My teacher, R. Yochanan Zweig, however, saw a much deeper lesson. One person cannot disassociate himself from his generation. Just as the sages of a generation bring down the Torah according to their ability, they also recognize precisely how it applies to their generation. This is a part of their mission of applying the Torah. They define the reality of Torah for their day -- what precisely is the Torah their generation is privy to. If the Sages correctly see that their generation requires an extra safeguard for Torah observance, they are defining how their generation (and future generations) relate to Judaism -- in this case, to the Sabbath. The Sages of the Mishna saw that as a whole, their generation did not have the same awe of Sabbath that previous generations did. There was the need for an additional fence or decree. They had therefore defined their generation's relationship to the Sabbath. And that was now the Sabbath that existed for them. And so, no individual, no matter how great, could relate any differently.

We now have an inkling of the magnitude of the Sages' mission -- then and today. They see Torah, they define it, and they bring it to man and the world. Over the generations, our greatest leaders have seen the need for new concepts and new stresses within Judaism -- for Chassidus, the mussar (ethics) movement, better education for boys and girls, more emphasis on family harmony, etc. (Not, of course, that they introduced something foreign to Judaism, but the Sages saw need for new stresses or safeguards.) Each generation would then have its own unique approach to the Torah, and each would make its own contribution. And so, the Torah in all its wonder and eternity, would assume greater freshness, relevance and vitality in each and every generation.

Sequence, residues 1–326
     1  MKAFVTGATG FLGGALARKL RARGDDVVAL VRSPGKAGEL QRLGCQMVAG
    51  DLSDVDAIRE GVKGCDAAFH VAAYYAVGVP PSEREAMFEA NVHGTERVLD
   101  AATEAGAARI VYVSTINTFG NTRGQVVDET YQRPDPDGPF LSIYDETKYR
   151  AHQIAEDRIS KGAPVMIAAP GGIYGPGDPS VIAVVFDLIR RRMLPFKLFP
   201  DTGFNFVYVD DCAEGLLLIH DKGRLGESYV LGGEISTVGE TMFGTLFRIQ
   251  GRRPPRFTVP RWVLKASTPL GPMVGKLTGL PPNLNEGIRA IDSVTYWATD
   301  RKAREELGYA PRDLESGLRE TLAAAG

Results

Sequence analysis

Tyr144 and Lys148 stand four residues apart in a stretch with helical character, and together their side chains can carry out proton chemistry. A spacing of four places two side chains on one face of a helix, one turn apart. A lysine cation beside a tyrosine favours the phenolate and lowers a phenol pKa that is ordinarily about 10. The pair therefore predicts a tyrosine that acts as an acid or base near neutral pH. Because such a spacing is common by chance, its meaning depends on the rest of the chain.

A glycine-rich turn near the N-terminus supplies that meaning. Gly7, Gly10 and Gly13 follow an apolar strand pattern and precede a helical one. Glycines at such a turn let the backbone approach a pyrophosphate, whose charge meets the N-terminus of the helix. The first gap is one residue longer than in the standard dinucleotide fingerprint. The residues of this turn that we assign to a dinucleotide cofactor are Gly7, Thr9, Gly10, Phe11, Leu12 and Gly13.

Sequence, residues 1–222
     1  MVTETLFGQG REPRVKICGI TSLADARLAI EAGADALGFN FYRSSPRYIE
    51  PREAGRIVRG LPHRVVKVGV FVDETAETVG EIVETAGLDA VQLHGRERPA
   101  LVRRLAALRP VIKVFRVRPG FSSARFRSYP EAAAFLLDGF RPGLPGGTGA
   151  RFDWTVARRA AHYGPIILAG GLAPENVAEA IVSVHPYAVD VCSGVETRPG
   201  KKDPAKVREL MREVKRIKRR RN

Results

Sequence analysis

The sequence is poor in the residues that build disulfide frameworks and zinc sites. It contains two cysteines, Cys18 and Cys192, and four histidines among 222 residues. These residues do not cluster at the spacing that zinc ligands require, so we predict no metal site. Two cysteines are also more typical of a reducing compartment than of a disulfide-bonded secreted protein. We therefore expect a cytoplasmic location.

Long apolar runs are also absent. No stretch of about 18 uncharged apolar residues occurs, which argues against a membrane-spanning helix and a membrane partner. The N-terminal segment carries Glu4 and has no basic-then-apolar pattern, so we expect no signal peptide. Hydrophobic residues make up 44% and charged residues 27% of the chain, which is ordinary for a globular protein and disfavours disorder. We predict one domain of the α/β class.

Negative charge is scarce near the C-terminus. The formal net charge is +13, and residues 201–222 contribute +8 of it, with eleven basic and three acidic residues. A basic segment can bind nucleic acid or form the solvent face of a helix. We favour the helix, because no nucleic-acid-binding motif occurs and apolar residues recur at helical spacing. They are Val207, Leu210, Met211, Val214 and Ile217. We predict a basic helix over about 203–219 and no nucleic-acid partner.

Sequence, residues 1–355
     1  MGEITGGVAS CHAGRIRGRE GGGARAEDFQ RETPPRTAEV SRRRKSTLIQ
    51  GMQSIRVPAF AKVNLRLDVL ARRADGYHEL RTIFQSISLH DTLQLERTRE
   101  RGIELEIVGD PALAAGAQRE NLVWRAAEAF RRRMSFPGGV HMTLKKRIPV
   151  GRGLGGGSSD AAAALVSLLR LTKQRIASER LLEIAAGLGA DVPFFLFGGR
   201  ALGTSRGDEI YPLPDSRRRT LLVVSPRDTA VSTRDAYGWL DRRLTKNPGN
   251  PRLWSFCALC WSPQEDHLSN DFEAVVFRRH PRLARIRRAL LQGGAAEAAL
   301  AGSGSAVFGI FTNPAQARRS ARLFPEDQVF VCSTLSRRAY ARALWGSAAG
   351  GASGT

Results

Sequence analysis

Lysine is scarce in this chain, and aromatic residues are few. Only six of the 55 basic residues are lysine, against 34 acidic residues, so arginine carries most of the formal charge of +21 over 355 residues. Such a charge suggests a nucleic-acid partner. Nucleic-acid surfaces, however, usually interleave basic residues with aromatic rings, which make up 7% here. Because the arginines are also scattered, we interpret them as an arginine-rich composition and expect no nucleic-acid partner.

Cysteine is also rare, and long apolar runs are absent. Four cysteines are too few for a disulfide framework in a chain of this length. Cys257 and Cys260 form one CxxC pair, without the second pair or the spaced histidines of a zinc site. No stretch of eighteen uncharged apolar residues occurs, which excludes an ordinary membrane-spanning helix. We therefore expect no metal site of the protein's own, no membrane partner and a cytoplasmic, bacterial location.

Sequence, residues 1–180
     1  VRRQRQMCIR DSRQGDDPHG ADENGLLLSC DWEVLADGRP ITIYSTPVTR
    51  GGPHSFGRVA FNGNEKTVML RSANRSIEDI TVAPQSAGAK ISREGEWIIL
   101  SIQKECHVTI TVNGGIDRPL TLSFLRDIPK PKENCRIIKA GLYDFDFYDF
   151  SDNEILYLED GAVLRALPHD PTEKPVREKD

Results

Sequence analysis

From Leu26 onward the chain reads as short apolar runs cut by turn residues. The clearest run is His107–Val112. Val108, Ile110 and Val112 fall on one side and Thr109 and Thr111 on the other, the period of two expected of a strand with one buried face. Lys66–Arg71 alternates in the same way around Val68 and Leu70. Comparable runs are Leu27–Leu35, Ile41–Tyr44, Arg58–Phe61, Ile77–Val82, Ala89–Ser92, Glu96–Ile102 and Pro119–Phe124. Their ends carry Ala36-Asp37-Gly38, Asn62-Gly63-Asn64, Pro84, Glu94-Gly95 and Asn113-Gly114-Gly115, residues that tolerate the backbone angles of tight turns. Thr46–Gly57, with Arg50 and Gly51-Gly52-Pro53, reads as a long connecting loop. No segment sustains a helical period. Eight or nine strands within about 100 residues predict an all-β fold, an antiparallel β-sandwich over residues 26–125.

Text Copyright 2006 by Rabbi Dovid Rosenfeld and Torah.org.